A Weekend Getaway at the Lake


Originally I thought I would have to work last week, and I also needed to move into my new place on Wednesday.  However, the other 2 guys at the office, Bernard and Kombate, were busy with training and out of town, so we decided to join the JFs and go on a little holiday.  We left Thursday afternoon for Kumasi on a “VIP” bus, which is the most expensive option.  It’s only about $10 for a 5 hour journey, but they buses are much nicer than a greyhound, with tons of room, arm rests, TV, and air-conditioning.  Unfortunately, the A/C is way too cold for me, and I’m not a huge fan of Ghanaian movies, which are very dramatic and involve a lot of yelling, which is hard to sleep through and impossible to listen to anything else.  The roads were pretty bumpy, with lots of traffic, but we made it on schedule to Kumasi.

Once there, we took a tro to Kotei Junction, where Sean from VOTO (another EWB Venture) picked us up and brought us to get some food.  We walked to the VOTO house, which is huge and a bit isolated, but not a far walk.  We met some of the other staff, ate some food, watched the kittens be silly and played euchre, a great night!


In the morning we had a chance to check out one of the biggest markets in West Africa (this is just a glimpse).  You can buy almost everything there, but what we saw most was used western clothes and tons of vegetables.  The JFs headed off to get some local fabrics while Mike and I tried to figure out internet sticks for our stay.  We had a sketchy, yet interesting encounter at the Vodaphone store, which involved a few security guards, a random office with no video cameras, and a kid with a bunch of old busted-up Nokia phones… but in the end I paid the regular price and got my working stick without showing my passport, interesting…


After the market we went back to the VOTO house and had lunch and relaxed for the afternoon.  When the JFs got back we left for the lake.  We took 2 tros to a taxi, and got him to drop them at the Green Ranch and us at our Rainbow Guesthouse nearby.  It was so nice to be by the water, even though the dock was a little VERY unsafe, and the goats made all sorts of strange noises at all hours of the day!  That night we had dinner and there was a lot of rain so we stayed in and played scrabble.  I bought a new book in Kumasi to read before going to bed.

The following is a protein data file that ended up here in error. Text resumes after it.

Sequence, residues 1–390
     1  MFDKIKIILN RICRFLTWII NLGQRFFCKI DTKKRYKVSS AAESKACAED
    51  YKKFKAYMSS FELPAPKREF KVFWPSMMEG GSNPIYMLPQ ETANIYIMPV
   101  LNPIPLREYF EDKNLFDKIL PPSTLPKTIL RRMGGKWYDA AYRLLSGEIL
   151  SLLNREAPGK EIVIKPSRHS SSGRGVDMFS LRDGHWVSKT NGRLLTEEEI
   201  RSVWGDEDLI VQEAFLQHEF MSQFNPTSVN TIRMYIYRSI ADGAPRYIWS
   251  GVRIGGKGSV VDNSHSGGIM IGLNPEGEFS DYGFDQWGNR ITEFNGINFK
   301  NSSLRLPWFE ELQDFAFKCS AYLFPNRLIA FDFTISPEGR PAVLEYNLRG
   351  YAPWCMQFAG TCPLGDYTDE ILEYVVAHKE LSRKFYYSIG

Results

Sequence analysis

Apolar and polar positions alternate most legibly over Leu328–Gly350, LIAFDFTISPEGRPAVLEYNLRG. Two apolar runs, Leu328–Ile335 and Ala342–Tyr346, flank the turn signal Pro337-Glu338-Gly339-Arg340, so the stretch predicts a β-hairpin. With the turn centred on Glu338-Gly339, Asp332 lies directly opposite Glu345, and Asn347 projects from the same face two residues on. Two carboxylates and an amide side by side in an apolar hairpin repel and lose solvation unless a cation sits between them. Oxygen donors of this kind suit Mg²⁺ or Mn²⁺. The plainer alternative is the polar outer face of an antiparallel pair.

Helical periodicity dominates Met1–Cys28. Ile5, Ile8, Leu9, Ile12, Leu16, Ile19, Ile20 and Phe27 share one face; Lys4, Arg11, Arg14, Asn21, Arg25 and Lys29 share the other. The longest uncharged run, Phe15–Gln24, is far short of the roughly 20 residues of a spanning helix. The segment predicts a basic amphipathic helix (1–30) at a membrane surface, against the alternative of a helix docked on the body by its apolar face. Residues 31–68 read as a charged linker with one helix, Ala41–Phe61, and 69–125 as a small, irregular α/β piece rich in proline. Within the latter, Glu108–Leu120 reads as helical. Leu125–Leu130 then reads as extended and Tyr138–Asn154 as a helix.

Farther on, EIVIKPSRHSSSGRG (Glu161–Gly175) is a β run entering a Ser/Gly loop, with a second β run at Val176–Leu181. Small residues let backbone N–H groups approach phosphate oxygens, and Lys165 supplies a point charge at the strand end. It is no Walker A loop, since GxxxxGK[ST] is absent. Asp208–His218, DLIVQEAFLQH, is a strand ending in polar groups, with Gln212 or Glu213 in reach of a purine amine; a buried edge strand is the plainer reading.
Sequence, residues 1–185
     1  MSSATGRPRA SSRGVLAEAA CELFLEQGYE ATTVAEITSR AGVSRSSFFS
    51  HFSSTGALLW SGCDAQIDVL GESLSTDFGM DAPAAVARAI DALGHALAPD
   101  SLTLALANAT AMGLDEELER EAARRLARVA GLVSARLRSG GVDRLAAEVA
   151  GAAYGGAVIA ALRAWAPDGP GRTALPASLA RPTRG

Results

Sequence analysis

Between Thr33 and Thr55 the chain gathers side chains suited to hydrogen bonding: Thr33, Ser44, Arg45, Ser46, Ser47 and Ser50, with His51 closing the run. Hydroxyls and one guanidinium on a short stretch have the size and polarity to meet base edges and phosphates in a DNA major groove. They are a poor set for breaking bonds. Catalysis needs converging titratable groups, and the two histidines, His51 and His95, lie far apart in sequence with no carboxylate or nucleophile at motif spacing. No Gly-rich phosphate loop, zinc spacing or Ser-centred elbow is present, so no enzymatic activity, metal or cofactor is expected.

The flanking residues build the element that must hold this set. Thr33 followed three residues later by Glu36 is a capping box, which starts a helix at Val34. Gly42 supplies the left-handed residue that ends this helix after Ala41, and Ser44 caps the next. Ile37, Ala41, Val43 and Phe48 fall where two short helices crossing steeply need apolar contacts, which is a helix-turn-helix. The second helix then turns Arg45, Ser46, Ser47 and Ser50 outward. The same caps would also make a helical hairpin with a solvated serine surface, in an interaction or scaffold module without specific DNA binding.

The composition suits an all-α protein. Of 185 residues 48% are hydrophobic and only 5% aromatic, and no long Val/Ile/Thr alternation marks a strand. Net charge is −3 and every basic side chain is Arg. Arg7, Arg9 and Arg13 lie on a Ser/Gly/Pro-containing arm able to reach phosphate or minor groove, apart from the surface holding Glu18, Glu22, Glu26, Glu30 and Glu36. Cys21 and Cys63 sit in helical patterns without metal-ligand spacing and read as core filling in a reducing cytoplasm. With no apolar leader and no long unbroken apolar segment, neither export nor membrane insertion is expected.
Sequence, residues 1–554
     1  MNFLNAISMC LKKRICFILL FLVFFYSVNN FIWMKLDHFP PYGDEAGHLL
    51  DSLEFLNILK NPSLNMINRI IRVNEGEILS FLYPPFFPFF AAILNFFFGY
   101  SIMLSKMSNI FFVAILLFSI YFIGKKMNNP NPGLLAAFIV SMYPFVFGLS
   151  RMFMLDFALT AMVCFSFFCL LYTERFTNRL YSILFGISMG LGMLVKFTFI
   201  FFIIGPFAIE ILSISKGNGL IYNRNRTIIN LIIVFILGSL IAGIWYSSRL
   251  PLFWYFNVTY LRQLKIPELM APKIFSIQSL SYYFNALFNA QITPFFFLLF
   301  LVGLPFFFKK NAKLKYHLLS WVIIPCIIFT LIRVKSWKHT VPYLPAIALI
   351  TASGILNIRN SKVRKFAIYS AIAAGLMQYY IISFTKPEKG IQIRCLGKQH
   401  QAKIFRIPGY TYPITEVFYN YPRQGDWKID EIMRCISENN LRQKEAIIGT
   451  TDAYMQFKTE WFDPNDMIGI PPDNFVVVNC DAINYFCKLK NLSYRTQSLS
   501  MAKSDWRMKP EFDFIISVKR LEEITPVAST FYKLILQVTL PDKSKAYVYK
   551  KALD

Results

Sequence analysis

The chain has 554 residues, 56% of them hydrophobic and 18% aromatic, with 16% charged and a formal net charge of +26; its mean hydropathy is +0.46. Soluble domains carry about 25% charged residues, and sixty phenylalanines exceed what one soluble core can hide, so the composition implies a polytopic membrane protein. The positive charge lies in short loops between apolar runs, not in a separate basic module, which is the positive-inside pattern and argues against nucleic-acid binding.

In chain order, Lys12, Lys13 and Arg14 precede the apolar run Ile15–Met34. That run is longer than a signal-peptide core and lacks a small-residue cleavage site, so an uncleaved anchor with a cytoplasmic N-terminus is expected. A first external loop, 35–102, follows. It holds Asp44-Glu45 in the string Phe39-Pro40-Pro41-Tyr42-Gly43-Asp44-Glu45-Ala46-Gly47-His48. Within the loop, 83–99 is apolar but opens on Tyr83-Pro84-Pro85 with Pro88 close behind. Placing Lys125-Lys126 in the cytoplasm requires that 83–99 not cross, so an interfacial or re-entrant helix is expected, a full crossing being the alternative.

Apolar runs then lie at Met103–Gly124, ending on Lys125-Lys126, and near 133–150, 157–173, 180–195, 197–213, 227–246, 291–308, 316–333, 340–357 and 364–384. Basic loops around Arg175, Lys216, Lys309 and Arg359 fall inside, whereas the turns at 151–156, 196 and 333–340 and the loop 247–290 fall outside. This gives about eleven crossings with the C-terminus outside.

Saturday morning I didn’t set an alarm, and I got to sleep in, it was AMAZING!  We woke to the sounds of crazy goats, and got some egg and toast for breakfast.  I lay in the sun by the lake reading my book all afternoon, it was relaxing.  Some of the JFs tried the “boats” which are basically half a log, with two little pieces of plywood to put in each hand for paddling.  The local kids came out at night to collect fish on these boats and I was very impressed by how fast they could go and how stable they seemed.  We swam a bit (hope I don’t get any weird diseases) and then had a nice dinner at the other hotel.  We had a few drinks and talked with the owner, Elodine, who’s from France.  Then back to our hotel in the dark on the rough roads, I’m surprised I didn’t trip.  Overall, a really chill day.


On Sunday we got up early to wait for our 9am cab.  However, it turned out that our cab picked up some other guests, so when we called it was going to be a while.  We chilled a bit, read our books, but I kind of wish I was still in bed.  At 11am the cab finally showed up, and we decided to take the cab all the way to the bus station instead of taking 2 additional tros.  We got on the mid-range bus and took another 5 hour journey back to Accra.  It wasn’t raining as much, but there were still dramatic movies playing with lots of dying and screaming… I’m not sure I’ll get used to it.


On Sunday night we arrived at Circle and took a short cab to Eddy’s Pizza, which is a popular pizza chain.  We met with Alexis (another ProF) and her new friend from her hostel who lives in Mole.  He had never eaten pizza or seen an airplane so I think Accra was full of excitement for him.  Then we went to a cool roof-top bar to check out the super moon, and had drinks with two other hostel friends.  A great way to end the weekend!


About Amanda

Hi, I’m Amanda! Originally from Ottawa, Canada, I am currently living with my partner (Steve) in Sucre, Bolivia for the next year. I work in the unique space between industrial design and international development – but what does that even mean? I’m passionate about working WITH marginalized communities in a way that utilizes design to improve the lives of different types of people around the world. I have worked, studied, traveled, and researched on every continent (except Antarctica), and most recently I lived in Ghana, Bangladesh and Nepal. I love exploring new cultures and learning more about myself along the way.
This entry was posted in Ghana (2014) - Professional Fellow Placement (EWB), Travel and tagged , , , , , , , , . Bookmark the permalink.

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